INDIA. Rajasthan: When it comes to food, every region, every state in India has its own specialty. Punjab has Chole Bhature, Kolkata has Rosogulla, Bihar has Litti Chokha and Rajasthan has Dal Baati Churma.
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Dal Baati Churma, a simple three-in-one treat (baked baati, i.e. balls of dough with spicy panchmel dal and sweet crumbly churma) is a traditional Rajasthani dish. This culinary masterpiece, a meal in itself is revered for its delicious and unforgettable taste. The delicacy famed for its wonderful taste can be literally broken down into three components: Baati, Dal, and Churma.
Baati is made with wheat flour which is kneaded with a little bit of salt, dahi (yogurt), and water. Round balls of the size of tennis balls are made and baked in wood-fired traditional ovens till the baati becomes golden brown in colour. Baatis is then greased and served dipped in ghee with dal, and churma.
Dal is usually panchmel, i.e. a simple and nuritious mix of five pulses, namely toor dal, chana dal, moong dal, moth dal, and urad dal. The pulses are first boiled in water and then seasoned with rai-jeera (mustard and cumin seeds), cloves, and hot vegetable oil. Green chili, garlic, and spices including asafoetida, red chili, turmeric, coriander, and ginger are also added.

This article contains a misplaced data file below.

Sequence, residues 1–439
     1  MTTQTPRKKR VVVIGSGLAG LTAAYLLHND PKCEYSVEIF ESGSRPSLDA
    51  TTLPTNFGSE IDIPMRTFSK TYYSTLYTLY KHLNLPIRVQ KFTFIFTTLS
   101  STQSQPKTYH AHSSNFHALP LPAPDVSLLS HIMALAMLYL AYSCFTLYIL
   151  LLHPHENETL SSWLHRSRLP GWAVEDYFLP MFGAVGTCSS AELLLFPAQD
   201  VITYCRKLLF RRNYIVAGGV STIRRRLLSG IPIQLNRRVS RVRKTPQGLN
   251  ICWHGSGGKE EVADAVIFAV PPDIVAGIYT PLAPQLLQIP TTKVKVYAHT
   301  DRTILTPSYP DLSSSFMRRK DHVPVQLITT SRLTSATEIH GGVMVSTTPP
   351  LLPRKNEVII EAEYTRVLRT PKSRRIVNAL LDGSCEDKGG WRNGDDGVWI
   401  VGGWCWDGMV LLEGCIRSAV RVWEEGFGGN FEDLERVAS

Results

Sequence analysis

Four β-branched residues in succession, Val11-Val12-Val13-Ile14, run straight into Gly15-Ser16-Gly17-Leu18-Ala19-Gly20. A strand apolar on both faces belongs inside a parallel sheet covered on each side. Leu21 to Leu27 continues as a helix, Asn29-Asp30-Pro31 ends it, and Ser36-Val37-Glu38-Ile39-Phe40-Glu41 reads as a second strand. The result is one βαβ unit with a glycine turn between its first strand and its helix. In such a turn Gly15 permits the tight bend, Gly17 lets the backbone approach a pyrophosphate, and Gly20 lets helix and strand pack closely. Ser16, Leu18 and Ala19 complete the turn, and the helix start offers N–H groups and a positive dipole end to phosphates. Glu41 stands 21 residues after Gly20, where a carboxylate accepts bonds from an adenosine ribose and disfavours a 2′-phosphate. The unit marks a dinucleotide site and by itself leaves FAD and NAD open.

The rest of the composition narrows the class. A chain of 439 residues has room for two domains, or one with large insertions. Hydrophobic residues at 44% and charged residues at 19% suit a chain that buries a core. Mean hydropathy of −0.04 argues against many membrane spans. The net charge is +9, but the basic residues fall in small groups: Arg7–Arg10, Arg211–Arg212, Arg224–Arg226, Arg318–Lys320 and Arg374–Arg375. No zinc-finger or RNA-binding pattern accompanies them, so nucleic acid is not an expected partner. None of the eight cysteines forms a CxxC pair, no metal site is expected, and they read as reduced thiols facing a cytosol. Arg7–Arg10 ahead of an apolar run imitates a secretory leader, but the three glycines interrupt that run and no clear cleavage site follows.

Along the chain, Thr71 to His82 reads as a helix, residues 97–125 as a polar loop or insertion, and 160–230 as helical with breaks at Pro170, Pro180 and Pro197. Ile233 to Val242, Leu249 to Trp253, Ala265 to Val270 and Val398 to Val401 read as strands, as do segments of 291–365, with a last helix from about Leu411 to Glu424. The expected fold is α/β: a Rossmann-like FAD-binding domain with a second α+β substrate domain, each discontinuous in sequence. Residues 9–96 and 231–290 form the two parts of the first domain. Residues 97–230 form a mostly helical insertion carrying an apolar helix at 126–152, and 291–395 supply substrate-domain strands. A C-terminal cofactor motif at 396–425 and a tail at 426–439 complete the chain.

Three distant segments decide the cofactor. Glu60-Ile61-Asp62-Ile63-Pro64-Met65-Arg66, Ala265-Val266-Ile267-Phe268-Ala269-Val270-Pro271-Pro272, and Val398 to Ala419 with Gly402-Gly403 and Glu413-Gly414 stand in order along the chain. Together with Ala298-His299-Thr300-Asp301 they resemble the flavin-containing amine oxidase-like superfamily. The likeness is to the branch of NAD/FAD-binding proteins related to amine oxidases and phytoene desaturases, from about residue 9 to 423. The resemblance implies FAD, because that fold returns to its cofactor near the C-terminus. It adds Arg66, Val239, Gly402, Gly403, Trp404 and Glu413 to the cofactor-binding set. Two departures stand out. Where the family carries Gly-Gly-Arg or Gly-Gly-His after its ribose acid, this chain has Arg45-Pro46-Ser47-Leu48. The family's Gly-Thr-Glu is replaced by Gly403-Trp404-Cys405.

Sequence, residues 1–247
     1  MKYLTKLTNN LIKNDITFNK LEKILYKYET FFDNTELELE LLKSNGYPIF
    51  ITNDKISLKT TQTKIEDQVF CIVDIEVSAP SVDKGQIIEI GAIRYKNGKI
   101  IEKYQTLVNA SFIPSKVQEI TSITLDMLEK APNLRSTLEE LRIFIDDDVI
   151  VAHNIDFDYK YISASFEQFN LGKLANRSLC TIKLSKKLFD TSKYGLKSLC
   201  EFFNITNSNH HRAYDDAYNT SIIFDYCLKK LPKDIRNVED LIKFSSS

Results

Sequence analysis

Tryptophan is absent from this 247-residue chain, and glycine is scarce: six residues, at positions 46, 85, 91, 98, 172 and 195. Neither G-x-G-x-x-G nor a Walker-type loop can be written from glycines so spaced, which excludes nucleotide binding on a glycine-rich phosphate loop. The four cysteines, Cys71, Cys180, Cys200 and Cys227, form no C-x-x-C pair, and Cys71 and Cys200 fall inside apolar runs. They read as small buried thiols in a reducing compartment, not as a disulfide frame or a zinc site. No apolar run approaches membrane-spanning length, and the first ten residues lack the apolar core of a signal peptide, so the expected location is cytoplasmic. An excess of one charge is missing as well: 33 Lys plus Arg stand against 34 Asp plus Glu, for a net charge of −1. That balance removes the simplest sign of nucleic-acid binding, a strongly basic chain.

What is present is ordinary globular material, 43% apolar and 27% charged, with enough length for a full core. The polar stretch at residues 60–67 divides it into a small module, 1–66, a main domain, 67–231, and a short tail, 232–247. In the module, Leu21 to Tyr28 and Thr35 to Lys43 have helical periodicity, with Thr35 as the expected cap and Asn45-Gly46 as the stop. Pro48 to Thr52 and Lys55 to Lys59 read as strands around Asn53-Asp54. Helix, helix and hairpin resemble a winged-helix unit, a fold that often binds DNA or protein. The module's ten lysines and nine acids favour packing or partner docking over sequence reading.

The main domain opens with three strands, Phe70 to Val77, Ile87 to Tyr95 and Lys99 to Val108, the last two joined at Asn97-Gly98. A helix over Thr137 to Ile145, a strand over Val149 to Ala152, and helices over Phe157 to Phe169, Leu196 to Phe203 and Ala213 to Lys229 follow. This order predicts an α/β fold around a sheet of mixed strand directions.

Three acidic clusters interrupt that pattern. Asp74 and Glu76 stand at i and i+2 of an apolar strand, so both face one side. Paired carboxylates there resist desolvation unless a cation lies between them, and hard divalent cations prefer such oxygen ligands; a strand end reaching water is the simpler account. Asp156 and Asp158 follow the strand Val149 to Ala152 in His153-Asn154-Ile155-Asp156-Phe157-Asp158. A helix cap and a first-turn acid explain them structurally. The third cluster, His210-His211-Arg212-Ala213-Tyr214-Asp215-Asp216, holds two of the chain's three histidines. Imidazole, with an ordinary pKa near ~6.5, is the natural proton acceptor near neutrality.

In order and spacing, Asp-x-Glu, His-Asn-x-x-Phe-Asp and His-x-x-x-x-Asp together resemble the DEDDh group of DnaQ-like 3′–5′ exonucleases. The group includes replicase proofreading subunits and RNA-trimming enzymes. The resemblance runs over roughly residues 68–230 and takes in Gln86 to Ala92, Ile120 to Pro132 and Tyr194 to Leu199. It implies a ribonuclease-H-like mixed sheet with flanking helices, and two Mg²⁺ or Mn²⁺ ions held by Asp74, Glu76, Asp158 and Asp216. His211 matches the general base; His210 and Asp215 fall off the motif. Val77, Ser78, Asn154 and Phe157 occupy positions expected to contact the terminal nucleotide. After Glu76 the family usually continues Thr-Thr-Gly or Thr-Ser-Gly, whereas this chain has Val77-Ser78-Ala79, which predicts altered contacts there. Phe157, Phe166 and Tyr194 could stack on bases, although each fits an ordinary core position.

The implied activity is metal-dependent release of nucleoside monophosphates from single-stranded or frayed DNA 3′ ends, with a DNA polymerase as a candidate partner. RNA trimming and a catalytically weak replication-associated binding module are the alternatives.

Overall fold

Churma is a popular sweet delicacy and is the sweet accompaniment to the trio dish Dal Baati Churma. It is made by coarsely grinding deep-fried whole wheat flour dumplings and then cooked with ghee and sugar. Traditionally it is made by mashing up wheat flour baatis into a fine powder and then thoroughly mixing it with ghee, sugar, and dry fruits. The baati used to make churma is different than the normal baati as they don’t have salt added to the dough.
Churma in itself is a delicacy by itself and is a standard part of a Rajasthani thali. It is very nutritious and a high-calorie dish for kids and adults as well. At various places, different types of flavouring are also added. Dried edible rose petals and rose essence are added to make Gulab Churma.
History of Dal Baati
Dal Baati Churma originated in the kingdom of Mewar during the time of Bappa Rawal, a nomadic warrior and the founder of the kingdom of Mewar.
During those times, baati was the official wartime meal. During wartime, soldiers before going to war, will break the dough made of wheat, ghee, and camel milk into small chunks and bury them under the sand to bake under the sun. The dough used to perfectly bake during the day and after returning from the war, the soldiers used to dunk them into ghee and relish them with curd or buttermilk.
Panchmael Dal already was a regular Rajasthani delicacy, and along with Churma, it was later added into the regular menu by the upper caste to enjoy baati with dal.
History of Churma
Churma was an accidental discovery in the royal kitchens, as a chef accidentally dropped baatis in sugarcane juice. This made the baati sweet and also softened it. This sweetened baati was loved by everyone and this started the tradition of dropping batis in sweet juice, and later these sweetened baatis were served as crushed baatis with spicy dal.
Dal Baati Churma later reached the Mughal Court when Rani Jodha Bai married Mughal King Akbar. The royal chefs of the Mughal court did their own experiments and created versions of the dish; bafla and kheech. A softer variation of the baati, bafla is a baati that has been boiled before being baked, and Kheech is the normal porridge (daliya) made from whole wheat.
Whatever is the version, dal baati churma is deceptively delicious and loved by everyone in India.